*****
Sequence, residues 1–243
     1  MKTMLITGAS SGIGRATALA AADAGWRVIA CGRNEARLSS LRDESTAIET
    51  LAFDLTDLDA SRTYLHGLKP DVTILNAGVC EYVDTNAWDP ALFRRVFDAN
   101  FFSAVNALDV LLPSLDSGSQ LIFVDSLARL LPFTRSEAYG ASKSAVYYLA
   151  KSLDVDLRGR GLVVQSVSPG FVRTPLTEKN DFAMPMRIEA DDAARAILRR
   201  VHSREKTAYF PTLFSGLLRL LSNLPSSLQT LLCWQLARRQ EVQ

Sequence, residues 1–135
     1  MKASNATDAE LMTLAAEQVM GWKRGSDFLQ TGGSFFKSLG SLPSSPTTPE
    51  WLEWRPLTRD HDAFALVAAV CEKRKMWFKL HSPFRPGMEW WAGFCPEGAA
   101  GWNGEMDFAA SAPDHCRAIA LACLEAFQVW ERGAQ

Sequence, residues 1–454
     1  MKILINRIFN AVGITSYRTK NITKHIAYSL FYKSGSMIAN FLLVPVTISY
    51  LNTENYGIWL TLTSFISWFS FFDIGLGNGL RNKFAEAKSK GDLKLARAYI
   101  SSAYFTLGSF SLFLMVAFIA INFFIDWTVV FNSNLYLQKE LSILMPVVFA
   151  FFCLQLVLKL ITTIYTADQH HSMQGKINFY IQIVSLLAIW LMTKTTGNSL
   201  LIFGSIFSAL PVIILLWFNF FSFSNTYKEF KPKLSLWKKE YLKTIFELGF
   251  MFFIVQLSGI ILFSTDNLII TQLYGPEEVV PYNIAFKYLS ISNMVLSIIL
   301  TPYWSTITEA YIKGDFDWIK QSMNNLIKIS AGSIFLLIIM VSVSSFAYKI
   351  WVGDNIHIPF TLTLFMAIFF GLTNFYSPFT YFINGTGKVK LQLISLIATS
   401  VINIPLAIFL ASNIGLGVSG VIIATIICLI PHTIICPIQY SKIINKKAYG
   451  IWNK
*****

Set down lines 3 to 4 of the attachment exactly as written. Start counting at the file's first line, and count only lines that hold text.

    51  LAFDLTDLDA SRTYLHGLKP DVTILNAGVC EYVDTNAWDP ALFRRVFDAN
   101  FFSAVNALDV LLPSLDSGSQ LIFVDSLARL LPFTRSEAYG ASKSAVYYLA